Written, directed and edited by Evan Tramel, Black Water Vampire follows in the footsteps of films such as The Blair Witch Project and Paranormal Activity, using the actors carrying hand held cameras instead of employing camera men.
“Dec 17th 2012, Danielle Mason led a documentary film crew to investigate a string of murders known as ‘The Black Water Killings’ and interview Raymond Banks, the man convicted of the crimes. The following footage was recovered a year later.”
Danielle Mason (Danielle Lozeau – Legion, The Eye), grew up in the area near to Fawnskin, the small town near to Black Water Creek where the bodies were discovered, drained of blood and with bite marks on their necks and strange symbols on their skin.
She assembles an unlikely group of individuals, Andrea Adams, the producer (Andrea Monier – Death Connection, Homesick), Anthony Russell, the camera man (Anthony Fanelli – The Next Steps) and Rob Allen, the sound guy (Robin Steffen – Phase 2, The Deadlines).
Together, they pack up their belongings and strike out along the “Blood Sucker Highway” headed for Fawnskin. After several bizarre interviews, first with the townsfolk and then with Raymond Banks (Bill Oberst Jr. – Take This Lollipop, The Secret Life Of Bees), they embark on a three day hike into the forest which is widely believed by the locals to be inhabited by vampires.
This is about as good an idea as it sounds. It is also interesting to note that the killings of the four women over forty years all took place on Dec 21st, the very day they plan to arrive at the murder site. Excellent plan then chaps, what could possibly go wrong? As a character, Rob is irritating, always complaining, but I must admit, as it turns out, he does have a point.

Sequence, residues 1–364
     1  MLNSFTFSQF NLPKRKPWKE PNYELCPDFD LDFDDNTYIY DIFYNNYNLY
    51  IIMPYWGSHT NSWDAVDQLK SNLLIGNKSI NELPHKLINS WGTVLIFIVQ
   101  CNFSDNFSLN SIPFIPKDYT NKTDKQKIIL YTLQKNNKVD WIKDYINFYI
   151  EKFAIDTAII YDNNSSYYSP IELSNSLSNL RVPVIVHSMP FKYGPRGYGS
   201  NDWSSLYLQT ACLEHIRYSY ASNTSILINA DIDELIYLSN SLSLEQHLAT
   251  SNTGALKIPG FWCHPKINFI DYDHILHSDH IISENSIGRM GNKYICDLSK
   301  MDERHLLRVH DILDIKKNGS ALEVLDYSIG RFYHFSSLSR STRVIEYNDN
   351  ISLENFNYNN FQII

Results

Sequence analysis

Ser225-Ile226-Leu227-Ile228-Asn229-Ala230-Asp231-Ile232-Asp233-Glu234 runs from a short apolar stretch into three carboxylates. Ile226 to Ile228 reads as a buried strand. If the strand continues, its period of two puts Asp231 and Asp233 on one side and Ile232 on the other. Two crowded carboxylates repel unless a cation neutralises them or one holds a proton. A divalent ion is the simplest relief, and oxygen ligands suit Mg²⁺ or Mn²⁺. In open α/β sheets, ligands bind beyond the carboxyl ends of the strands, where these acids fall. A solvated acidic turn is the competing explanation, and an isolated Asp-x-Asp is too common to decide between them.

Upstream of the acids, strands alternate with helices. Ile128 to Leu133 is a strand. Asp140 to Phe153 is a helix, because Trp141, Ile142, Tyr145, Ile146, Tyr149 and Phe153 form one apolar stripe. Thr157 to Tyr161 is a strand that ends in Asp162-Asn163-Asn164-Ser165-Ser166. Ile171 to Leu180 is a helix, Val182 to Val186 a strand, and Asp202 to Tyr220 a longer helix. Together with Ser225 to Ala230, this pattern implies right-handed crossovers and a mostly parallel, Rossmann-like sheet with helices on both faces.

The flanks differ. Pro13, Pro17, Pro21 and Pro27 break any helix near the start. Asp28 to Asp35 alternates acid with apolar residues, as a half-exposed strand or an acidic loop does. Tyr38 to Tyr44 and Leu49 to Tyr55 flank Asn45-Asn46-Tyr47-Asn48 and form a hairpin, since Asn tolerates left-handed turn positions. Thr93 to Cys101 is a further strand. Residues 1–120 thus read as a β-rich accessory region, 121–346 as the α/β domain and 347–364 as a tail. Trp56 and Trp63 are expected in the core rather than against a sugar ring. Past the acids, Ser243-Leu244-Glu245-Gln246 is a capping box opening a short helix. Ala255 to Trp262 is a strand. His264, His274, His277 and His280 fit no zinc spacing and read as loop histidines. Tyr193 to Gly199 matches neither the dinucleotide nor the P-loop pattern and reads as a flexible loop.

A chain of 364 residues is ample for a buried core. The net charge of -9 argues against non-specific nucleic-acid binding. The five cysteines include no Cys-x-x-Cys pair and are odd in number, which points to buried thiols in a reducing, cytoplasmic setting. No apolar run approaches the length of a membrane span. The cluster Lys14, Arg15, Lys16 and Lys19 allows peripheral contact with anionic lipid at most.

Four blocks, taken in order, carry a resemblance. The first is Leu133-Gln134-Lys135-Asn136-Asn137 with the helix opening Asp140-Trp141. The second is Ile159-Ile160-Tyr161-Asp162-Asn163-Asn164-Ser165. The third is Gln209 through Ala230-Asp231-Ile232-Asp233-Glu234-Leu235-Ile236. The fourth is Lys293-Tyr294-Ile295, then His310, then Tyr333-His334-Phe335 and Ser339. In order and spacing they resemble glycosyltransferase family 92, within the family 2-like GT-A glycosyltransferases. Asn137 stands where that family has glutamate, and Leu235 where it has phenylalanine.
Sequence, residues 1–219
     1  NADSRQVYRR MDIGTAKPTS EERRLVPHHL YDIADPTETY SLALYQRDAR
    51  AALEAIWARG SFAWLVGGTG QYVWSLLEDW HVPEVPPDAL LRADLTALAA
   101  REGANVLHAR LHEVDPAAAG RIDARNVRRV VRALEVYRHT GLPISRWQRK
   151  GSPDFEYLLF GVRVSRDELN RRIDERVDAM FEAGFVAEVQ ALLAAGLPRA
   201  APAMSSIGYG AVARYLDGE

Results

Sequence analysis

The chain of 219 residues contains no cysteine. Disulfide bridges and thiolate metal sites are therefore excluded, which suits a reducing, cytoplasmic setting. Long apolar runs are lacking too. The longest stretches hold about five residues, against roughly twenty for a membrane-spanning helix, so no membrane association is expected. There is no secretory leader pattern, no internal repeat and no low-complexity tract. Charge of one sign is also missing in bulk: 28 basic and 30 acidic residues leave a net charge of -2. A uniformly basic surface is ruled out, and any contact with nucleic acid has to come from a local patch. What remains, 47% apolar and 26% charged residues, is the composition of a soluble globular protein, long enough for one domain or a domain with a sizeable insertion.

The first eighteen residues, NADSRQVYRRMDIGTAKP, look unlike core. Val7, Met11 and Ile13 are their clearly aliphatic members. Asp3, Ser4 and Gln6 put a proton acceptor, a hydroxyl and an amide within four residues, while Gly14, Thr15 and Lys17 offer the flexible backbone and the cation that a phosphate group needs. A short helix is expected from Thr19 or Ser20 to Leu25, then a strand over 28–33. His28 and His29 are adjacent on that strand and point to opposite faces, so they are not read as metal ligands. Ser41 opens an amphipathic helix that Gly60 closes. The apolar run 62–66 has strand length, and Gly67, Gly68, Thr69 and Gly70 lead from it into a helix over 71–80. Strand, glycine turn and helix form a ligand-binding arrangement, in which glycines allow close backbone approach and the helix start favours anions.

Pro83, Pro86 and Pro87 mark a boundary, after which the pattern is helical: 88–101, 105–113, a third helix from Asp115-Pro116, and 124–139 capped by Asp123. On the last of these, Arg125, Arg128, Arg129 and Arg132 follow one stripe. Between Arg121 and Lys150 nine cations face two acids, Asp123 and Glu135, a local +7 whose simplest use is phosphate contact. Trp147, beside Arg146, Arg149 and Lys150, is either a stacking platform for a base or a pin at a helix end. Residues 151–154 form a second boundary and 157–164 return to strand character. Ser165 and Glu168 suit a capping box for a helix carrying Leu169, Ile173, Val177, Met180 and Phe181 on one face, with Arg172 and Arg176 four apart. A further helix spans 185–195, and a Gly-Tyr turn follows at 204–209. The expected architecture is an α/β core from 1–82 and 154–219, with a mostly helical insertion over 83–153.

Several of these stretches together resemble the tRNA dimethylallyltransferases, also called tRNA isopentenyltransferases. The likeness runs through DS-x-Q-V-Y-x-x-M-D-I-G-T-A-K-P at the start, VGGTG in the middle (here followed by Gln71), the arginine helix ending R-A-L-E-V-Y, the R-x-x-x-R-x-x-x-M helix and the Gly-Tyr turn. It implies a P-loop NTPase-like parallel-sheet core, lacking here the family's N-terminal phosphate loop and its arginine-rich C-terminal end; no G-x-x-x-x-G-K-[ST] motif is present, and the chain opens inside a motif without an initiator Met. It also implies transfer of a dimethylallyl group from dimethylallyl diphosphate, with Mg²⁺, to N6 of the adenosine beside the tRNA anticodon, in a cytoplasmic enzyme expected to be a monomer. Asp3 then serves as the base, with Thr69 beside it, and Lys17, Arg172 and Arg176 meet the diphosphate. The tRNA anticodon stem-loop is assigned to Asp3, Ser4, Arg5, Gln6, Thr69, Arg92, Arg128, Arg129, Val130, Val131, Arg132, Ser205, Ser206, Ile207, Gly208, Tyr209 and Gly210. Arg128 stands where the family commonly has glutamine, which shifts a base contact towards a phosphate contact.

As with all of these kind of films, the shaky camera work is pretty annoying, but not as bad as some, since it is quite a long way into the film before the running about starts. And that in itself is part of the problem. Nothing really happens and when they do finally get the action, the majority of it takes place in the dark anyway. There are a couple of genuinely scary moments, but they are easily outweighed by the tedium of the rest of the film.
The twist seems to be that couldn’t be bothered to think of a twist and for some reason although this is supposed to be found footage, someone has helpfully added a score of atmospheric music over some of the scenes. Thoughtful.
Not great this, although maybe fans of the genre would disagree. There are far better horror films, with less glaring loopholes out there waiting to be watched.
Black Water Vampire is available to buy now on DVD